Near Hastings the stately Herstmonceux castle was built in 1441 by Sir Roger Fiennes is haunted by several ghosts. There are reported sightings of a drummer boy who was killed at the Battle of Agincourt. While the French nobility was slaughtered by English and Welsh archers on the bloody field, the loyal drummer boy was one of the few English casualties. Killed on St. Crispins day 1415, the spirit returned to his former masters home where the ghostly beating of his drum may still be heard. Accounts of a murdered Lord Dacre has been seen galloping across nearby fields, and a selection of ghostly grey and white ladies have been spotted in the area roaming the hallways.
The last destination is a sombre place where the atmosphere hangs heavy, the events of that day on the 14th of October, 1066 are engrained in the fabric of 1066 Country and a defining moment in English history.
Founded by William the Conqueror on the site of King Harold’s last stand against the Norman knights. Battle Abbey was built on the orders of the Pope as penance for the blood that was shed during the conquest. The Abbey straddles Senlac ridge, gazing down the steeply sloping valley that is innocent now of the furious battle cries and ringing blows of sword on the Saxon shield wall, the soft hiss of Norman arrows and the thunder of hooves across the Senlac’s turf
The spirits of those that died there still linger, if you visit during the autumn and winter months the ghostly sounds of the battle echo around the surrounding area and after heavy rain, blood is said to be seen seeping from the ground. On bleak October day’s a phantom knight on horseback has been seen galloping across the battlefield.
In the Abbey itself there have been sightings of Norman knights, monks and a lady wearing a red dress, could this be the ghost of Edith Swan-neck searched the field for the body of her slain lord?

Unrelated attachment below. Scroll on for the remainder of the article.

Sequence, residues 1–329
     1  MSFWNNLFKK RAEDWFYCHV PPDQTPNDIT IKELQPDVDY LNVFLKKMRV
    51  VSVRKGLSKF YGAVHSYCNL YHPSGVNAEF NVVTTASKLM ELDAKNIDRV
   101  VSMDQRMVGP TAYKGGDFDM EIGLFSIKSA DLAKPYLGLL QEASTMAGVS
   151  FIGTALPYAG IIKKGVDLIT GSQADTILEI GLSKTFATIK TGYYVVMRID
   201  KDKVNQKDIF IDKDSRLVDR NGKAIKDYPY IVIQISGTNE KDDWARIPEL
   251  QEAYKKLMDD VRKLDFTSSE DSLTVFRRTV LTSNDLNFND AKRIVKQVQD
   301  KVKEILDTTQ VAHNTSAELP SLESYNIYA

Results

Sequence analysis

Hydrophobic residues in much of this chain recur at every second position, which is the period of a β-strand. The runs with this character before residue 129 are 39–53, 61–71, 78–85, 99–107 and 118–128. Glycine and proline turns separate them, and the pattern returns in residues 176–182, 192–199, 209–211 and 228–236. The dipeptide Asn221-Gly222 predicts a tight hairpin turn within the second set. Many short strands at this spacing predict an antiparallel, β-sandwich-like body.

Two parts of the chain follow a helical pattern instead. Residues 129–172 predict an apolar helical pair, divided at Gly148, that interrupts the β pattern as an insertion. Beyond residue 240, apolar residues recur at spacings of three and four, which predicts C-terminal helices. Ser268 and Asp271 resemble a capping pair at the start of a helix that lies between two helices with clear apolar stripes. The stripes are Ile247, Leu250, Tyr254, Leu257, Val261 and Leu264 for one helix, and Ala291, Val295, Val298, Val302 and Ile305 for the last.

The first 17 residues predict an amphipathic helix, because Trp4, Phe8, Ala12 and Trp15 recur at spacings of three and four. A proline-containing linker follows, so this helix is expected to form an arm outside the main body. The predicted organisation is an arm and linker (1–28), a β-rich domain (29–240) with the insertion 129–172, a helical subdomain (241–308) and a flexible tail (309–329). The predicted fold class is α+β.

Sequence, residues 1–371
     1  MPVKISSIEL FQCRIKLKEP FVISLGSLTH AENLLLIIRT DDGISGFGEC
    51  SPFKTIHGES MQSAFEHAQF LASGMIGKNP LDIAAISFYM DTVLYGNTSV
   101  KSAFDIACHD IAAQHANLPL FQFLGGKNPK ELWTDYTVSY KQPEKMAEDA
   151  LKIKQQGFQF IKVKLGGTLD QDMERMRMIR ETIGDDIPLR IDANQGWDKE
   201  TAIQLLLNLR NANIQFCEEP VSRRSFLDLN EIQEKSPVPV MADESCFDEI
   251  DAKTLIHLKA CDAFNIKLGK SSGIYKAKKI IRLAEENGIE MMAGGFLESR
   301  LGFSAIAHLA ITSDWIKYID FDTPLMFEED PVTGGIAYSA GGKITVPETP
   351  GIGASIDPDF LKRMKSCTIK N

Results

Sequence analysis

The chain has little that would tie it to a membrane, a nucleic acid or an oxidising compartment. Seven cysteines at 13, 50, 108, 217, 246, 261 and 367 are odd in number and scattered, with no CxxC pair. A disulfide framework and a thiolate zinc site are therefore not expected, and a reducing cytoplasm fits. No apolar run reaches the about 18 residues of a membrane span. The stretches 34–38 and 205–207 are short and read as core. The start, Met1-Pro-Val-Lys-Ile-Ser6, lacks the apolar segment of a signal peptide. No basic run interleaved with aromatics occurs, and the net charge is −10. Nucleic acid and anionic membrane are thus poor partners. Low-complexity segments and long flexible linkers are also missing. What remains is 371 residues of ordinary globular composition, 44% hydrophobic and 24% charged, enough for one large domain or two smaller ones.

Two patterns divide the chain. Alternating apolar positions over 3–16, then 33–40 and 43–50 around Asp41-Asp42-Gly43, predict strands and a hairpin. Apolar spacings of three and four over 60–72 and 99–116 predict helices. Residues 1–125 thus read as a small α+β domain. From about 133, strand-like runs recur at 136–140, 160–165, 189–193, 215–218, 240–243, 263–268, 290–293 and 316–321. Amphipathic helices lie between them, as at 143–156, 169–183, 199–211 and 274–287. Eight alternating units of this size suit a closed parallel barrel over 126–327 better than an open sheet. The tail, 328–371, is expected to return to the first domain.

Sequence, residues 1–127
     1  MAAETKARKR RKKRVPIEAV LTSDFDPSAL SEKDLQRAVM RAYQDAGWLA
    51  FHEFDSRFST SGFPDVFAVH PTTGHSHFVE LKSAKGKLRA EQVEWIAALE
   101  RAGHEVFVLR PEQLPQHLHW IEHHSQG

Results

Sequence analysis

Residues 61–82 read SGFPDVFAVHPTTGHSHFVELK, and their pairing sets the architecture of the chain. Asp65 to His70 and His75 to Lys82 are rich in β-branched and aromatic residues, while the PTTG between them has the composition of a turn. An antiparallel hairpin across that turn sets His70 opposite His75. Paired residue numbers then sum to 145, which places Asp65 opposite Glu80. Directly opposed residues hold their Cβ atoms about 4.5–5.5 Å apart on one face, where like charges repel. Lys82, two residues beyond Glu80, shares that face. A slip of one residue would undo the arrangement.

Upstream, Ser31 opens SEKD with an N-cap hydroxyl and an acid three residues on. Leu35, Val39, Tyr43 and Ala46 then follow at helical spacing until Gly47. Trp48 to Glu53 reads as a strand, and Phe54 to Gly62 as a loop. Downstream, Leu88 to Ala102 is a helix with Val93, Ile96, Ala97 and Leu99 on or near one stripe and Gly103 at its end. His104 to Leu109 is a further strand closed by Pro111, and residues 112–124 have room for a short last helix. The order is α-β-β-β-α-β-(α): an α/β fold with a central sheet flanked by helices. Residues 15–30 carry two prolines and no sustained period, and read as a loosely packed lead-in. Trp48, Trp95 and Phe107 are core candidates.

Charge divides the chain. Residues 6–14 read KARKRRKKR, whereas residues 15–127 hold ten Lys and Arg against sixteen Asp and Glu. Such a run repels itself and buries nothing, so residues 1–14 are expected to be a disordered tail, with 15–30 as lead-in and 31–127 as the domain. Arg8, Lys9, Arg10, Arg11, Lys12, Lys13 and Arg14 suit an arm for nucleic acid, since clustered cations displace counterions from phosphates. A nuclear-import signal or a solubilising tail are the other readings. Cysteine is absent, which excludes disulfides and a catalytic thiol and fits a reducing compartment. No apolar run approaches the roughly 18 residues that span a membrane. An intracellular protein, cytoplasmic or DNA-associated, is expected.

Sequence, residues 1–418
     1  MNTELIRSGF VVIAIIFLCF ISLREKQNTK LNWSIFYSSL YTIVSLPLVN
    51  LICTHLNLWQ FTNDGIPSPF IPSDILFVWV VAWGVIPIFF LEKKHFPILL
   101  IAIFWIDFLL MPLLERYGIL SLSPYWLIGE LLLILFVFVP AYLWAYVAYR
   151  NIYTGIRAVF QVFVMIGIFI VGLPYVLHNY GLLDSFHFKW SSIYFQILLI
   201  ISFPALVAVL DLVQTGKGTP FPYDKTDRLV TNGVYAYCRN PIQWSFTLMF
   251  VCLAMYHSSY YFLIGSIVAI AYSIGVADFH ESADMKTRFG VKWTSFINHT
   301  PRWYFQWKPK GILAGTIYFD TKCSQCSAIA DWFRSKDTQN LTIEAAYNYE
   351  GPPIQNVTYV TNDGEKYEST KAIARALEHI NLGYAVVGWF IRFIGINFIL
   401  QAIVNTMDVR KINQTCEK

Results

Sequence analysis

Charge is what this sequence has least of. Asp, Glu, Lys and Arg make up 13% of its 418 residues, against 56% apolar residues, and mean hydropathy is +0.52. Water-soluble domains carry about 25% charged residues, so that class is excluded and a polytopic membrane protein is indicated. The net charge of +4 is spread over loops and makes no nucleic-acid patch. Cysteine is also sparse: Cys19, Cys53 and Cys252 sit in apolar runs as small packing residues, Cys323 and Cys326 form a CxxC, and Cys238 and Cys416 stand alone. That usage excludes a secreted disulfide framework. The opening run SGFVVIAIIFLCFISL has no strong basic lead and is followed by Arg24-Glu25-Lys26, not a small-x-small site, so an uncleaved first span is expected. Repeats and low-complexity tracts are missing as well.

Want to know more about this haunted location, then join Professor Midnight for a spine-tingling ghost walk around the haunted grounds where one of the bloodiest events in England’s history took place. Hear about the site’s sinister past and chilling tales of mysterious monks and spooky soldiers. Then peek into the shadows if you dare!
Are you brave enough to venture into the haunted Castles & Abbeys of 1066 Country?
In screaming woods and empty rooms
or gloomy vaults and sunken tombs;
where monks and nuns in dust decay,
and shadows dance at close of day.
Where the bat dips on the wing
and spectral choirs on breezes sing;
where swords of ancient battles clash
and shimmering shades for freedom dash
Where silver webs of spiders weave
and blighted lovers take their leave;
where curses lay the spirits low
and mortal footsteps fear to go.
Where death holds life in grim embrace
its line’s etched on the sinners face;
where e’er the march of time is flaunted
“this place is haunted”.
Sarah King says
Wow that’s a lot of ghosts. Perfect spooky holiday destination with Halloween coming. I really like this bit about Hastings Castle: ‘When the weather conditions are right, the castle has been seen from the sea as a mirrage, still in its full glory with its flags and pennants flying in the wind.’ Now that would be a sight to behold.
Great article thank you!
Hi Sarah, thank you for commenting, if you are going to visit, don’t forget your camera as you never know what you may see!